liquidplanner vs wrike

“There are few project management (PM) tools that can compete with LiquidPlanner,” PCMag’s Juan Martinez wrote in a recent article, Wrike vs. LiquidPlanner: Project Management Pugilism. In the comparison, Martinez compares each product in three categories: Price; Features and UI, and Integrations. In the end, LiquidPlanner beat Wrike for the win.

But there’s more that makes LiquidPlanner unique—and different from Wrike, as well as a lot of other work management tools.

As a product expert, I’m often asked how our platform stands out from the pack, and how we compare to other tools. Here, I’m going to give you more reasons we’re different from Wrike in three categories that are important to planning and scheduling projects.

1. Prioritizing work

One of LiquidPlanner’s key differentiators is our unique priority-based scheduling system that shows you what your top work priorities are every day. And, every time a priority shifts, the schedule updates automatically to show how the entire plan is affected by that change. In Wrike, you can organize tasks in priority order but when priorities shift, these changes are not automatically reflected in the schedule.

How It Works

Wrike uses folders to categorize work. For example, folders are used to group projects by team, clients, stage of work, etc. Within a folder, there are projects which are used to manage tasks; tasks are organized within the projects; and subtasks are the steps needed to complete a task. You can keep projects in priority order, but moving those priorities around isn’t so easy, and any shifts aren’t reflected in the schedule—i.e., resources, finish dates, etc.

LiquidPlanner uses packages to organize projects and prioritize tasks. For example, within packages you can create projects and add tasks to those projects. Then, you prioritize tasks across different projects by putting them in a high priority package, so that they are completed ASAP. You can change your priorities with a simple drag and drop, and the scheduling engine will automatically update across all projects in your workspace—generating new start and finish dates based on those portfolio-wide resource commitments and the priorities you assign to your workflow items.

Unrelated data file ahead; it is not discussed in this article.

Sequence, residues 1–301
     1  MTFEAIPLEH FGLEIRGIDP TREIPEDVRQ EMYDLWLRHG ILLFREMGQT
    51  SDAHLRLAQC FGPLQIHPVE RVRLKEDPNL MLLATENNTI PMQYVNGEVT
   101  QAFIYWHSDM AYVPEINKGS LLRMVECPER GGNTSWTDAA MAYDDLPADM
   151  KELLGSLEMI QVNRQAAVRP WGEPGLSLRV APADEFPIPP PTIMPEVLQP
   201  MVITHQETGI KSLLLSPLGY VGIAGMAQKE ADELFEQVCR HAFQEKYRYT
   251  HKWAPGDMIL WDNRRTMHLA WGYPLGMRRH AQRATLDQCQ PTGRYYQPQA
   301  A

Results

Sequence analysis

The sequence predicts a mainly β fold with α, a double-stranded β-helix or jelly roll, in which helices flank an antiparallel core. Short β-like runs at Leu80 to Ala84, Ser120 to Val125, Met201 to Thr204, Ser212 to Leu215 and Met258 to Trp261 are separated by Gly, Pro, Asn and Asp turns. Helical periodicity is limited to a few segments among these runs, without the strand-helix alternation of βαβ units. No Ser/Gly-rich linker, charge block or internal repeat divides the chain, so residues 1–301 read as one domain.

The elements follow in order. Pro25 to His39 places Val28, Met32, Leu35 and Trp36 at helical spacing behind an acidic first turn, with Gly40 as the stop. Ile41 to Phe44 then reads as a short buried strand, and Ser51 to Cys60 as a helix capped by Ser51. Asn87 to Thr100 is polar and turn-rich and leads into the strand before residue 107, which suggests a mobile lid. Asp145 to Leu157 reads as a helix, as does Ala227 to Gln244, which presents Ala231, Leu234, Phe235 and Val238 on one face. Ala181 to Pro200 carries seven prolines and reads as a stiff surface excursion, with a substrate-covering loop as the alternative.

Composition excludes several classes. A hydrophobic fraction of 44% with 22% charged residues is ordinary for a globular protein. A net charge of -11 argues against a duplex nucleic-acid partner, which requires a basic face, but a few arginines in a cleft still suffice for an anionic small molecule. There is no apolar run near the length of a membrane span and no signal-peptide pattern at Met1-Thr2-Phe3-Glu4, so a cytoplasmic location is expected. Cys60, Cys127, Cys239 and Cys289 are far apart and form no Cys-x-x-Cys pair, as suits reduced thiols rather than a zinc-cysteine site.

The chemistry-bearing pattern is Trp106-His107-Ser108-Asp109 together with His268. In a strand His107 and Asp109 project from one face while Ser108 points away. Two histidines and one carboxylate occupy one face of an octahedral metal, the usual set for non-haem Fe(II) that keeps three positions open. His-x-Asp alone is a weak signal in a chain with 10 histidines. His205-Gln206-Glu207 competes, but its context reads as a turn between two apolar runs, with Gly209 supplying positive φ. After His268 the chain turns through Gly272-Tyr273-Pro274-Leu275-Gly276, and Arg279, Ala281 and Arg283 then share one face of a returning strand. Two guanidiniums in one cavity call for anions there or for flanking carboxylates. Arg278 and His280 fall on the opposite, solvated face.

LiquidPlanner vs Microsoft Project

2. Managing resources

Another key product differentiator is that LiquidPlanner provides you with resource-driven schedules. While LiquidPlanner creates a project plan based on resource availability and workload, Wrike allows anyone to be scheduled to a project/task without taking their current commitments into account.

How it works:

Wrike has a workload view that allows you to see what each person is working on. It also shows you where the bottlenecks are, or if someone is scheduled for more than eight hours of work per day. As long as you’re looking at the schedule in workload view, you’ll see highlights around any resource issues that need attending. You can also expand the view to see who has availability and reassign work.

In LiquidPlanner each user has a personal profile where they set their available hours for project work each week. The scheduling engine takes this into account as tasks get created and assigned, providing start and finish dates based on team members’ current workload and availability. LiquidPlanner’s resource management capabilities make it impossible to overschedule resources. If an issue arises, you can pull a workload report for a deeper look into an individual’s commitments, and see who might be available to take on more work.

LP s Wrike Availability

3. Managing risk

LiquidPlanner’s scheduling engine works off of ranged estimates based on best case/worst case scenarios. You’ll know well ahead of time if a project is in danger of running over. Wrike takes on a more traditional practice of using hard start and end dates to create a project plan.

How it works:

Wrike lets you set email notifications to alert you of deadlines. On the timeline view tasks will turn red once they’re overdue. The only way to truly account for risk is by scheduling a project to be due on an earlier date so you’ll receive a warning email when your real deadline is approaching. Wrike does not take ranged estimates into account while creating project schedules.

LiquidPlanner has a constantly running algorithm that accounts for the uncertainty inherent in all projects. Your plan will always alert you to risks well ahead of missing deadlines or running over budget. This way teams can make any necessary adjustments to priorities, resources, or have the conversations with stakeholders well in advance of disaster striking. If a project is slipping, you’re alerted within the LiquidPlanner app and via email notification. And you can create a dashboard dedicated to surfacing project risks.

Lp vs Wrike_risk

LiquidPlanner was created with the distinct purpose of helping teams work with project uncertainty, and respond quickly to real world changes in priorities and resourcing. Our Dynamic Project Management methodology is a fluid, supportive and responsive way of managing projects. It’s the realistic approach to project management that we were looking for, too!

LP vs Wrike_ranged estiamtes

If this article piqued your interest, or if you simply want to do your own comparison of LiquidPlanner to Wrike, start a free trial!

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LiquidPlanner vs. Wrike: a Guide for Your Project Management Needs was last modified: August 2nd, 2016 by Kelsey Owsley